In Nathalie Xian Yi Yan v. College of Traditional Chinese Medicine Practitioners and Acupuncturists of Ontario (Div Court, 2022) the Divisional Court considered the role of administrative investigators, here when assessing whether administrative fairness was met:
[51] The Supreme Court of Canada and the Court of Appeal for Ontario have set out that investigators in the professional regulation context must have “sufficiently effective means at their disposal to gather all information relevant to determining whether a complaint should be lodged.” (Gore v College of Physicians and Surgeons of Ontario, 2009 ONCA 546 at para 17, citing Pharmascience Inc v Binet, 2006 SCC 48 at para 37). Both Ms. Yee, operating in an undercover capacity, and Mr. Hutchinson acted appropriately in their respective roles in the investigation of this matter.
. Dr. Rajiv Maini v. HPARB et al.

In Dr. Rajiv Maini v. HPARB et al. (Div Court, 2022) the Divisional Court in a judicial review considered fairness in relation to investigative administrative proceedings:
[25] The duty of procedural fairness at the investigative stage is limited. The ICRC exercises a screening and not an adjudicative function. The Committee does not conduct hearings nor listen to witnesses but decides issues before it on paper-based reviews. It does not find whether professional misconduct is warranted, and it has no authority to order sanctions or penalties. Its function is to screen the results of an investigation and determine whether the matter should be referred for adjudication, or whether some other remedy is appropriate, such as a requirement for educational upgrading (Code, s. 26(1) and (3); Silverthorne v. Ontario College of Social Workers and Social Services Workers, 2006 CanLII 10142 (Ont. Div. Ct.), paras. 13-18; Botros v. College of Physicians and Surgeons (Ontario), [2007] O.J. No. 3156 (Div. Ct.), paras. 30-31).

[26] This Court has recognized that “The standard of disclosure at the screening or investigative stage has been held to require adequate notice to ensure that a member has sufficient information to answer the case against him or her. It has also been held that it is adequate at the investigative stage for the member to know the allegations or substance of the complaint against him or her, not all of the information obtained during the course of the investigation.” (Gopinath, para. 12)
. Drew v. Canada (Attorney General)

In Drew v. Canada (Attorney General) (Fed CA, 2022) the Federal Court of Appeal considered the fairness duty in investigations:
[9] With respect to procedural fairness, the Federal Court concluded that the Commission’s investigation was sufficiently thorough. In this connection, the Federal Court noted that court intervention is warranted only in the presence of fundamental investigative flaws that cannot be remedied by responding submissions (Eadie v MTS Inc., 2015 FCA 173 at para. 79; Sketchley v Canada (Attorney General), 2005 FCA 404 at paras. 120-121). The Federal Court found no such flaws in the case before it. It also found that in light of the evidence she had obtained, the Investigator had not committed an error by not interviewing a witness that the appellant argued should have been interviewed. Accordingly, the Federal Court concluded that the appellant had been afforded procedural fairness.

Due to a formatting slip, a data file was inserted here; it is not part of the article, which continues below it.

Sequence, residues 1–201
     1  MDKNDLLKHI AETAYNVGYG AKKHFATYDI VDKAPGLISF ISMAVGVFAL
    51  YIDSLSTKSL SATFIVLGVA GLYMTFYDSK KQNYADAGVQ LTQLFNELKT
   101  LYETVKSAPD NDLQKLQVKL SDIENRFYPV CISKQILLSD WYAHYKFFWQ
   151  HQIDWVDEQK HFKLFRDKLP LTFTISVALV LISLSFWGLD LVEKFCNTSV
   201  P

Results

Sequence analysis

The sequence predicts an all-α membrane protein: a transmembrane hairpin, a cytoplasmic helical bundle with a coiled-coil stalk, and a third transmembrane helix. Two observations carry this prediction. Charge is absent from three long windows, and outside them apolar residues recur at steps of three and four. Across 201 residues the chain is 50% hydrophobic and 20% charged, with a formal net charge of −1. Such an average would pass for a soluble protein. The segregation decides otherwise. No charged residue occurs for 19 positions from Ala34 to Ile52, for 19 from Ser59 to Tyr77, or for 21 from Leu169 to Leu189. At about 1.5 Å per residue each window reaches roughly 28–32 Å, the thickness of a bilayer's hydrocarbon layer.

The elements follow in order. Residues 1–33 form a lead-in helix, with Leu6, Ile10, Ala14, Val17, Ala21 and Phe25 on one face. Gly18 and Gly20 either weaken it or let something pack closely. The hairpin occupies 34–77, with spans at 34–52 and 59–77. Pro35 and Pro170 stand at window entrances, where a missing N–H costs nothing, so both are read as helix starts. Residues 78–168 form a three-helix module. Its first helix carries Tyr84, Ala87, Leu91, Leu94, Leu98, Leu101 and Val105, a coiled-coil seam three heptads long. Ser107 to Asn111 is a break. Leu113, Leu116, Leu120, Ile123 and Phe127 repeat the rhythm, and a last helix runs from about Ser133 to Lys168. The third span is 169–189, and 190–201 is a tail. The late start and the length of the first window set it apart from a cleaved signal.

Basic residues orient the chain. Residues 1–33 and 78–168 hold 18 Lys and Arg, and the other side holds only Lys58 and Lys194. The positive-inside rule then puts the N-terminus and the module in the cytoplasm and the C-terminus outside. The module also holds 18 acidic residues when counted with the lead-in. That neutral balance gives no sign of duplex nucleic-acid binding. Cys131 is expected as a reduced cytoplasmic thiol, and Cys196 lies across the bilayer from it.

. Canada (Attorney General) v. Ennis

In Canada (Attorney General) v. Ennis (Fed CA, 2021) the Federal Court of Appeal considered fairness and an investigator's report:
[76] In the context of proceedings before the Commission, this Court has described procedural fairness requirements in Canada (Attorney General) v. Davis, 2010 FCA 134, 403 N.R. 355 at para. 6 as follows:
The Commission must act in accordance with natural justice. This requires that the investigation report upon which the Commission relies be neutral and thorough and that the parties be given an opportunity to respond to it: Sketchley v. Canada (Attorney General), 2005 FCA 404 (CanLII), [2006] 3 F.C.R. 392 (F.C.A.) applying Baker v. Canada (Minister of Citizenship and Immigration), 1999 CanLII 699 (SCC), [1999] 2 S.C.R. 817.
[77] Similarly, the Federal Court has noted in Deschênes v. Canada (Attorney General), 2009 FC 1126, 2010 C.L.L.C. 230-034 at para. 10:
[...] Procedural fairness dictates that the parties be informed of the substance of the evidence obtained by the investigator which will be put before the Commission and that the parties be provided the opportunity to respond to this evidence and make all relevant representations in relation thereto: SEPQA, above; Lusina v. Bell Canada, 2005 FC 134, at paragraphs 30 and 31 (Lusina).
[78] These requirements were met in the instant case. Moreover, the parties were specifically put on notice, in the warning contained in the introduction to the assessor’s report, that it was not binding. Mr. Ennis was therefore on notice that it was the Commission that would rule on whether his complaint ought to be referred to the Tribunal, and he was afforded the opportunity to make submissions to the Commission. In addition, it is clear from the Commission’s reasons that it duly considered the submissions of all parties who made them.

[79] Thus, there was no denial of procedural fairness.
. Rosianu v. Western Logistics Inc.

In Rosianu v. Western Logistics Inc. (Fed CA, 2021) the Federal Court of Appeal considered the procedural fairness duty limits for administrative investigations:
[33] I begin by reiterating the applicable legal principles. First, it is well-settled law that the investigative process is not akin to a hearing and that parties are thus not entitled as of right to insist that a CHRC Investigator will interview every witness that they put forward. An investigation will not be found to be lacking in thoroughness and result in a breach of procedural fairness merely because the Investigator did not interview all of the witnesses proposed by a party (Slattery v. Canada (Human Rights Commission), 1994 CanLII 3463 (FC), [1994] 2 FC 574 at para. 70, 73 F.T.R. 161). To conclude that there was a breach of procedural fairness, we have to be persuaded that the Investigator failed to interview “obvious players” that had important information in support of his complaint (Wong v. Canada (Public Works and Government Services), 2018 FCA 101 at para. 14, 293 A.C.W.S. (3d) 129 [Wong]).


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Last modified: 05-05-24